Welcome to 2009! To finish off the recent series of Wuyi Yen Cha posts, I’ve got tasting notes for our Rou Gui (which we call Wuyi Cassia). I’ll do my best to keep this post a little less long-winded than the Da Hong Pao tasting notes, but sometimes nerdy tea enthusiasm exceeds my restraint! As I mentioned in the introductory post, Rou Gui is both a “tea type” and a genetically unique cultivar of the tea plant. Although Rou Gui isn’t one of the four famous Wuyi oolong cultivars (known in Chinese as the Si Da Ming Cong–Da Hong Pao, Shui Jin Gui, Tie Lo Han and Bai Ji Guan), it is certainly one of the more common varieties and is often served at restaurants alongside Shui Xian as a popular table tea. In spite of its popularity, it’s still very much possible to find premium examples that stand up to elite gong fu grades of the Si Da Ming Cong.

The dry leaves aren’t too different in appearance from those of the Da Hong Pao–nice big, whole leaves. They’re perhaps a bit darker with a little more contrast between the frosting and leaf color. Smelling the leaves after the first infusion, I notice that the roast seems a bit more dominant than with the Da Hong Pao. Similarly to the other tea, though, the roast in the aroma diminishes after a couple of infusions. If I had to use one word to contrast this tea with the Da Hong Pao, I’d use “darker.” The heavier roast is immediately apparent, and the characteristic Rou Gui flavor takes slightly more effort to appreciate. It’s there, though–“Rou Gui” is often translated as cinnamon or cassia–as the roasting character diminishes over the 2nd and 3rd infusions, a delightfully dark spiciness emerges. This tea’s acidity is nowhere near as pronounced as the Da Hong Pao’s is, and the body tends to be a bit fuller as well. Later infusions produce a balanced but fading combination of roast and spice, with the expected astringency getting my mouth watering. Compared with the Da Hong Pao’s high and penetrating notes, this Rou Gui’s full, round and dark bottom makes for a pleasant contrast.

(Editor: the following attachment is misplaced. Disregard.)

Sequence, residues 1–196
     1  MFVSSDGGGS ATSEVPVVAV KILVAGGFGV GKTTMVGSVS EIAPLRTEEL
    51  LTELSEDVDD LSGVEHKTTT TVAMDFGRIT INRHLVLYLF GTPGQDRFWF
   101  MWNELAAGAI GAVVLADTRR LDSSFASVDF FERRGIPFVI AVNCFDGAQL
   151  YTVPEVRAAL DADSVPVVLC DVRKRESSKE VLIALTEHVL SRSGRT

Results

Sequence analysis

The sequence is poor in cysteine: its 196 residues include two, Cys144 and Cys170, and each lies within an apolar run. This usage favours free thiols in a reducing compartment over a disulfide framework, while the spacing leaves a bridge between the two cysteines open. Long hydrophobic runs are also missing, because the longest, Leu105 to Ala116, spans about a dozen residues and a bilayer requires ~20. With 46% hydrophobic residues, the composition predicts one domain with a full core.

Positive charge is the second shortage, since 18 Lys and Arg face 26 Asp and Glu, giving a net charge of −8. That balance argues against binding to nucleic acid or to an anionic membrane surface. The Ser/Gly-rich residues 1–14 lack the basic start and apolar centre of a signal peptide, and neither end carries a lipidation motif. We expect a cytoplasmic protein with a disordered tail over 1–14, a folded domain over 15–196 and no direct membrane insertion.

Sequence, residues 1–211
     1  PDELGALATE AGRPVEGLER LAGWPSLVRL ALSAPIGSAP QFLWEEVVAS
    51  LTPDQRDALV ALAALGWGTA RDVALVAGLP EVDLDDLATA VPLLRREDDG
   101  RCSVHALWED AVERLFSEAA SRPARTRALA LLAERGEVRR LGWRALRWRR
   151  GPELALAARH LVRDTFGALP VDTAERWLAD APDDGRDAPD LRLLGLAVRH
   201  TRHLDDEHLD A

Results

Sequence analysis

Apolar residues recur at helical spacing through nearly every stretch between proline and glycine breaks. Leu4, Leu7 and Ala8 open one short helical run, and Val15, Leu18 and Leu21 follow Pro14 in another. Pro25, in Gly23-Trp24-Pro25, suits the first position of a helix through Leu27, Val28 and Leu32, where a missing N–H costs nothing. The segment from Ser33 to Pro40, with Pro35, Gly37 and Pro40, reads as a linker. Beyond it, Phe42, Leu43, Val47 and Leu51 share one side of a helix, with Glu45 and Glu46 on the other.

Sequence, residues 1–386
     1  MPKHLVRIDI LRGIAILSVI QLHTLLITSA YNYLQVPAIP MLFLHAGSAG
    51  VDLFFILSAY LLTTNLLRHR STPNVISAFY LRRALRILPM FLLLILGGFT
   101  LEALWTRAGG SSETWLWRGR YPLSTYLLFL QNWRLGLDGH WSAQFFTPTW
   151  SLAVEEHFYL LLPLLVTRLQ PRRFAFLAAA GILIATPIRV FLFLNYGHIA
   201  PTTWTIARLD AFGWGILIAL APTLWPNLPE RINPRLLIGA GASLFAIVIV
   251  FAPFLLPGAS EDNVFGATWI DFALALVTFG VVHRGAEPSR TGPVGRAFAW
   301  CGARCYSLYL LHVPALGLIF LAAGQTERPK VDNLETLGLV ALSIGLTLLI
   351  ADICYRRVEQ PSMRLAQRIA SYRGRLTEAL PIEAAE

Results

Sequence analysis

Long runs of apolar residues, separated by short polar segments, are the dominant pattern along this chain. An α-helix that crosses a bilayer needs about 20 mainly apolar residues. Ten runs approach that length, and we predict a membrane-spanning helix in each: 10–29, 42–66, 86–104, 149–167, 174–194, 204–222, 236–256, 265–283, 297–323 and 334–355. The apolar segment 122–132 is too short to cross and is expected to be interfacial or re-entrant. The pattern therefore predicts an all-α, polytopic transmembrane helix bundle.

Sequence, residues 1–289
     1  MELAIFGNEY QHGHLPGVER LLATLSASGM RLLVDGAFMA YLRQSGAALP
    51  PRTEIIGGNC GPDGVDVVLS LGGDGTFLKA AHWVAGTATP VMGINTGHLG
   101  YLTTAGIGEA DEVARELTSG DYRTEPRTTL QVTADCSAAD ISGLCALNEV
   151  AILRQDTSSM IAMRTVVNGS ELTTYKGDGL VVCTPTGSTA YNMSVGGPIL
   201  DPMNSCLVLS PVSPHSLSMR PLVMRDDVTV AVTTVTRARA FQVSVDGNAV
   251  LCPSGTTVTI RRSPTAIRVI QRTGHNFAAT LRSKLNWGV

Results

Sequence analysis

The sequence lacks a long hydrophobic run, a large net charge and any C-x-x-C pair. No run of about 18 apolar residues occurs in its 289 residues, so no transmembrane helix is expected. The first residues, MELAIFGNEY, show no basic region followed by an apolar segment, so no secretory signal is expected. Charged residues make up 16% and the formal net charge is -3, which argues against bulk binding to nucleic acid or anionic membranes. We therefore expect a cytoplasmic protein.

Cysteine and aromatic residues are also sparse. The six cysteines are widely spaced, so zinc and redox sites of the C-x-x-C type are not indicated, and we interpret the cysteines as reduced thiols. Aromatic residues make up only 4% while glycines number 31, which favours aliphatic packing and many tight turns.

Examining the spent leaves shows some similarities with the Da Hong Pao–leaves alternate between very dark to slightly greener, but there are many large examples to be found. Our staff’s reaction has been split between these two teas–to me, that’s a sign that they’re both good! Personally, my tastes gravitate a bit toward the slightly lighter roast (you can see below that the Rou Gui’s leaves are more blistered than the Da Hong Pao’s), but the full body and darkness of the Rou Gui makes for an excellent and comforting winter warmer!